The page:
Yoshiko Goda is currently an associate professor in the Research Center for Instructional Systems, Kumamoto University, Japan. She has been a director of the International Board of Standards for Training, Performance, and Instruction (ibstpi) since 2015. She received an M.Ed. (English Education) from Tokyo Gakugei University in 1996, as well as an M.S. (Computer Education, 1998) and Ph.D. (Science Education, 2004) from the Florida Institute of Technology with the partial support of a Fulbright Scholarship. She has teaching experience from various countries, including Taiwan, the US, and Japan. Her current research interests include self-regulated e-learning, instructional and learning design, online education program evaluation, technology enhanced language learning, and innovative communities for global education.
In this presentation, I will discuss ways to integrate theory, practice, and technology for the effective use of technology enhanced language learning (TELL). There are three main parts to the presentation: (1) discussing a preliminary model of integration that balances both data-driven and knowledge-driven approaches, (2) looking at case studies for self-regulated learning (SRL) and collaborative learning (CL); and (3) reviewing current issues and future implications
There are few theories and models in existing educational pedagogy that have been specifically developed for technology enhanced learning. Technology enables us to record and visualize students’ learning processes, giving us the opportunity to revisit and reshape existing theories and models of teaching and learning. I propose not only the merging of theory and technology for better practical application of technology enhanced learning, but also reinvigorating this theory to develop new ways of using technology in the classroom.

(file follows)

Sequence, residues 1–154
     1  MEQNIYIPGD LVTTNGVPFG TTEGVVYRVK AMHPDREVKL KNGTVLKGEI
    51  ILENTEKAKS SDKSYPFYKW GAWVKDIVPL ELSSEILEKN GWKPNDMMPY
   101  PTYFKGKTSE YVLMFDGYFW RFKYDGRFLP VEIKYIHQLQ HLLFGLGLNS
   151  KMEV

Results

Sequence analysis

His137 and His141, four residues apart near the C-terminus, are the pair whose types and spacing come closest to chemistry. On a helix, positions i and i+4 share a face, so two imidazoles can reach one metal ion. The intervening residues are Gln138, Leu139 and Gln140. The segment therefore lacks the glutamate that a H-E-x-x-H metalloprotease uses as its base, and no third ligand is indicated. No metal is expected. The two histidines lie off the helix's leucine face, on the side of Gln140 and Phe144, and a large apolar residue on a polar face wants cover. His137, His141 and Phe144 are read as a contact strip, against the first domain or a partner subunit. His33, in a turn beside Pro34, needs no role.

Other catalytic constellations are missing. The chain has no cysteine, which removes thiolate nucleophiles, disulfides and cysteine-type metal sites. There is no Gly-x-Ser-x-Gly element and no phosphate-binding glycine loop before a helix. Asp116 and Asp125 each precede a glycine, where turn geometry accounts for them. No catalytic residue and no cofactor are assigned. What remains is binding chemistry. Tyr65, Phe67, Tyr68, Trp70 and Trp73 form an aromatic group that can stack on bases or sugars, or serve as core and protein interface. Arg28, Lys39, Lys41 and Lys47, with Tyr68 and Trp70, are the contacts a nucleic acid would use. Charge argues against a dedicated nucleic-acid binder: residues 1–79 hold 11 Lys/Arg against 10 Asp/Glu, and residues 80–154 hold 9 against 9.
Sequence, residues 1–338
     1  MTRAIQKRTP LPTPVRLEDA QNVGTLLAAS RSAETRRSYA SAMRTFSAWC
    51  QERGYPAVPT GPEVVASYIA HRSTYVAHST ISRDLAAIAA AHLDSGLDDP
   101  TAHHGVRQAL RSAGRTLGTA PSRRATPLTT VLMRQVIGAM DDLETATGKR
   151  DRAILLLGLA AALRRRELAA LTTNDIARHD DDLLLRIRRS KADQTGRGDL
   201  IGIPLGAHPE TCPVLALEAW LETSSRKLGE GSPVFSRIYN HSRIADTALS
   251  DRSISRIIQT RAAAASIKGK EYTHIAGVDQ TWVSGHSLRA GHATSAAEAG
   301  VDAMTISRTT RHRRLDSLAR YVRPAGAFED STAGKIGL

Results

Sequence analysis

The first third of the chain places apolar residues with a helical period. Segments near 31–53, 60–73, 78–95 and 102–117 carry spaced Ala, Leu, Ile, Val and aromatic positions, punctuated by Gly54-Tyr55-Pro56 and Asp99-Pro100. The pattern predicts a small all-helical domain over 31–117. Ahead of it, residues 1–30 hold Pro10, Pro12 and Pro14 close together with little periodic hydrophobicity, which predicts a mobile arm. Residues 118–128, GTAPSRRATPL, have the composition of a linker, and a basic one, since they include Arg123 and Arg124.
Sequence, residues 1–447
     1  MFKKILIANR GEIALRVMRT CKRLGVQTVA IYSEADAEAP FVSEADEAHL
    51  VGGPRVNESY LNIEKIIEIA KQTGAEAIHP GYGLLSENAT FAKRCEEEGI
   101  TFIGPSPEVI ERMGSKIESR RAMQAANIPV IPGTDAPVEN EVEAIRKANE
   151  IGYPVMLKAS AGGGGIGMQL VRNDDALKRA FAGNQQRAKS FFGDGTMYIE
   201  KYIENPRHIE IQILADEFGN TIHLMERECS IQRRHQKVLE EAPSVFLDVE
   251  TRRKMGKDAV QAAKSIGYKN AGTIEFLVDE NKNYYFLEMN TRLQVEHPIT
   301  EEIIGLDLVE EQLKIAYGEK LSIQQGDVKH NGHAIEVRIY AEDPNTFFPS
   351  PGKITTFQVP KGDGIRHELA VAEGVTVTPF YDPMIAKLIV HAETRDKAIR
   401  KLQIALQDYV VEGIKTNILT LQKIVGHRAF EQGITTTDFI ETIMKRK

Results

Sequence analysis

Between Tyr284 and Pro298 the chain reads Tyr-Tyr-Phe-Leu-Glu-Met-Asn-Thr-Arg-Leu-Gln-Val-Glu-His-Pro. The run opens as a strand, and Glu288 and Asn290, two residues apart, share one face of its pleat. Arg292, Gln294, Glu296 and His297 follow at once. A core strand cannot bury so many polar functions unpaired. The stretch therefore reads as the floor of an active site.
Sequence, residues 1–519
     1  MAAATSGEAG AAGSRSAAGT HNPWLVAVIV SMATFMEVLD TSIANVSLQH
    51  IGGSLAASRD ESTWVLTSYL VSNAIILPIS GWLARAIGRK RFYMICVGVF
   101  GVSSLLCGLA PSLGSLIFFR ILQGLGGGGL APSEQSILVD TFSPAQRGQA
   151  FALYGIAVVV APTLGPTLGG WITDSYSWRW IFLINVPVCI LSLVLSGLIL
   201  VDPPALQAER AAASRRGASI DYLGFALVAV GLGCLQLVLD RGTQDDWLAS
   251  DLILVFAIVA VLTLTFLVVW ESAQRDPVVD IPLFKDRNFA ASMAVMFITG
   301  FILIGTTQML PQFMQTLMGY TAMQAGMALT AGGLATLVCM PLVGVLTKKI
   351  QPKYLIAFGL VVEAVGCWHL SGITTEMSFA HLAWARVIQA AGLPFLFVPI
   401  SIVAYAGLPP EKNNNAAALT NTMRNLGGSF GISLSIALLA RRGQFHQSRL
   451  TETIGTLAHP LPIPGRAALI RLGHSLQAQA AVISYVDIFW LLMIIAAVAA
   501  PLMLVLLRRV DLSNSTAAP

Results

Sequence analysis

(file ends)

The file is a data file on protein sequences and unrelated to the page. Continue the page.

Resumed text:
There are several relevant case studies that focus on SRL and CL for learning support. SRL is generally accepted as an essential skill for online learning. The communicative approach is also encouraged for effective and active language learning. SRL and CL are both essential to increasing the breadth, depth, and fluency of language proficiency. To increase the quality of interactions among students in language-learning environments, Community of Inquiry (CoI) was employed in our research projects, with social, cognitive, and teaching elements. Design and support for effective use of SRL and CL, as well as how to effectively combine the two, will be revealed through demonstrations of our developed systems. The limitations and integration issues we faced will also be introduced.
Finally, considerations for organizing the integration of theory, practice, and technology for TELL will be explored. The limitations of the proposed preliminary model will be discussed, and the significance of balanced data-driven and knowledge-driven approaches will be emphasized for future development.